Saturday, December 17, 2016

Nature Photograpy Hits


A Few of the National Geographic’s 2016 Nature Photographer of the Year contest Winners


The Nature Photographer of the Year has been named.

Grand prize winner Sardine Run: During the sardine migration along the Wild Coast of South Africa, millions of sardines are preyed upon by marine predators such as dolphins, marine birds, sharks, whales, penguins, sailfishes, and sea lions. The hunt begins with common dolphins that have developed special hunting techniques to create and drive bait balls to the surface. In recent years, probably due to overfishing and climate change, the annual sardine run has become more and more unpredictable. It took me two weeks to have the opportunity to witness and capture this marine predation. See the contest page and Lecoeur’s profile Greg Lecoeur/2016 National Geographic Nature Photographer of the Year)


Second place winner, Action Approach: An EF2 tornado bears down on a home in Wray, Colorado — May 7, 2016. As soon as we were safe, as the tornado roared off into the distance through a field before roping out, we scrambled up the hill to check on the residents.Thankfully, everyone was all right, and we were grateful for that. As I was checking in with a young woman coming out of the basement, we became very aware of a strong new circulation — right above our heads. We needed to run for cover, and did so before saying a proper goodbye. See Shea-Ostberg’s profile Tori Shea-Ostberg/2016 National Geographic Nature Photographer of the Year)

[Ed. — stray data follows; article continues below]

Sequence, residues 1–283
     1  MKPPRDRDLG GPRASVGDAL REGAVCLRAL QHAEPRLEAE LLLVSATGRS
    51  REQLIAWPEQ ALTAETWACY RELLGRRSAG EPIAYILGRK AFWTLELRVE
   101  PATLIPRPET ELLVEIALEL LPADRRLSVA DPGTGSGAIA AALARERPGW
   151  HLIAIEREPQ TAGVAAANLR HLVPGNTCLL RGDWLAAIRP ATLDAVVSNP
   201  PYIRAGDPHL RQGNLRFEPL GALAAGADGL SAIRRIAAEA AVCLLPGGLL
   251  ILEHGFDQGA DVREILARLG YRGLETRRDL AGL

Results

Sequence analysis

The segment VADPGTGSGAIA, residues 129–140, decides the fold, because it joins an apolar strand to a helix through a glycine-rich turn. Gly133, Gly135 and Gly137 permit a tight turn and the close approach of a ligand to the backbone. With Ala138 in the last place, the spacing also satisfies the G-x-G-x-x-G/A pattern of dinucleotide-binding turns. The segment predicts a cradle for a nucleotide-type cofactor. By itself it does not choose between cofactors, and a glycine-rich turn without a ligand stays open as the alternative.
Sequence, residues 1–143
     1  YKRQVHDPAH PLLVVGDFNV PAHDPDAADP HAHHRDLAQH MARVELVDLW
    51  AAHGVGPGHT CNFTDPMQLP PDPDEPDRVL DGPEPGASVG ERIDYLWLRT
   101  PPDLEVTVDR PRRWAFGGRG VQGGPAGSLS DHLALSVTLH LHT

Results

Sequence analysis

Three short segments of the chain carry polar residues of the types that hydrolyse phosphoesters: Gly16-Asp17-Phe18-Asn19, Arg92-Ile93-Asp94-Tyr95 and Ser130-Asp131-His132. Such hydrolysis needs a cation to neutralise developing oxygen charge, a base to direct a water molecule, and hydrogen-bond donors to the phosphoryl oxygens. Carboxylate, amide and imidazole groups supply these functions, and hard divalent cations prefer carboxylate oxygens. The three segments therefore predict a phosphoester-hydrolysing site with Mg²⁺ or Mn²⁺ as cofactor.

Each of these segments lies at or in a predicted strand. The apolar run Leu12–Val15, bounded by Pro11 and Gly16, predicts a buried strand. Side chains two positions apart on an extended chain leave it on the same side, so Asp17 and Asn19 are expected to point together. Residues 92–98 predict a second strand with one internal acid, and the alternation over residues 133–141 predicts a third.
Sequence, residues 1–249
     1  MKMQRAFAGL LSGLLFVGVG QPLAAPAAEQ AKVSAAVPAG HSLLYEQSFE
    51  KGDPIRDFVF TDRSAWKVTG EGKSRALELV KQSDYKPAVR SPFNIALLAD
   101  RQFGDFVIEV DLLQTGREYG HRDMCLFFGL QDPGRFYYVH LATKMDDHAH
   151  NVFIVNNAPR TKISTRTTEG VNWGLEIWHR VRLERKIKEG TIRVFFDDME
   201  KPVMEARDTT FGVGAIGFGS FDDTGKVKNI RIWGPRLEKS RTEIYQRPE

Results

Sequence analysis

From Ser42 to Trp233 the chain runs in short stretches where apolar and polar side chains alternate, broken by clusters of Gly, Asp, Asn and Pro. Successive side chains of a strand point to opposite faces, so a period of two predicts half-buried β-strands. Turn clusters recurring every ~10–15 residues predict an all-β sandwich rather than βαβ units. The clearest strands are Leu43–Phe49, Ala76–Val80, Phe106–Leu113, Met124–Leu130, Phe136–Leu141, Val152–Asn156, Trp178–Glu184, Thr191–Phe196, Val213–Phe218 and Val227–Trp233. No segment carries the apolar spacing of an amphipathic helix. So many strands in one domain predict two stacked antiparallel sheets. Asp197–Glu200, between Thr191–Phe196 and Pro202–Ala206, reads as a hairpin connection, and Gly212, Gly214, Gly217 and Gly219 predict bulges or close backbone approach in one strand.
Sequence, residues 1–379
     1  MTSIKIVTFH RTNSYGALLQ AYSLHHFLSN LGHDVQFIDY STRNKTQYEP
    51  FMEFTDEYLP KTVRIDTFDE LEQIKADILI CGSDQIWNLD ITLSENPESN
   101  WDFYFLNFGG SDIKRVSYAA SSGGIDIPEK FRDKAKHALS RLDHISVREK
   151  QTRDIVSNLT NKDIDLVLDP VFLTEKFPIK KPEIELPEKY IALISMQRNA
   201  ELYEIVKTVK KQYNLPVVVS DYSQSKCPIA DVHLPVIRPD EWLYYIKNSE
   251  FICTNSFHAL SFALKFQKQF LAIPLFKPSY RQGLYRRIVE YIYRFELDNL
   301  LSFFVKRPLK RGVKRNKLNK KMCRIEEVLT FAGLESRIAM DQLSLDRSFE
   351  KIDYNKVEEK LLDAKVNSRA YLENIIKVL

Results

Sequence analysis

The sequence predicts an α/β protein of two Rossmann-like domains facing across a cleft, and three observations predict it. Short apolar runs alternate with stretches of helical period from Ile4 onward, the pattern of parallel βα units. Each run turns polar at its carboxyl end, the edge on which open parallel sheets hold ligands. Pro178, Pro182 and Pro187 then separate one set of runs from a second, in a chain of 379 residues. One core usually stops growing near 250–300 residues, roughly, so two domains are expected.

Honorable mention, Landscape Serendipitous Green Meteor: This green meteor was captured while taking a time-lapse to document the urbanization around the Skyislands in India. The camera was set at 15s exposure for 999 shots and this came into one of those shots. Green Meteor’s greenish color come from a combination of the heating of oxygen around the meteor and the mix of minerals ignited as the rock enters Earth’s atmosphere. I think for those 15 seconds, I was the luckiest photographer on the planet to have capture this phenomenon. See Yadav’s profile Prasenjeet Yadav/2016 National Geographic Nature Photographer of the Year)


Second place winner, Animal portraits Proud Momma: Fry of a peacock bass hover around their mom for protection against predators. Peacock bass, part of the Cichlid family, exercise excellent parental car and will protect their young against any threat that approaches them. This tropical species from South America was intentionally introduced in South Florida during the 1980s to control the African Tilapia, another invasive species. See O’Neill’s profile Michael O’Neill/2016 National Geographic Nature Photographer of the Year)


Third place winner, Animal portraits Friendship knows no color: Two bodies of Empusa pennata in the same plant was the rare scene I found when I visited one of my favorite locations for macro shots. This area is located near a village called Las Rozas in Madrid, Spain. There’s a small stream about one kilometer long where you can find a varied ecosystem with many different types of insects and arachnids. From May to September, I had seen up to four different Empusas alone on their plants, but on this day I was extremely lucky when I found two individuals on the same plant. I took advantage of such a discovery and mounted my macro set and took several photos of this magical scene, where the Empusas seem to play or dance, sharing the same plant like good friends. See Gomez’s profile Jose Pesquero Gomez/2016 National Geographic Nature Photographer of the Year)


Honorable mention, Animal portraits Crow Chasing Puffy Owl: The crow saw the puffy owl resting and decided to chase away the owl from its territory. See Lawrence’s profile Chia Boon Oo Lawrence/2016 National Geographic Nature Photographer of the Year)

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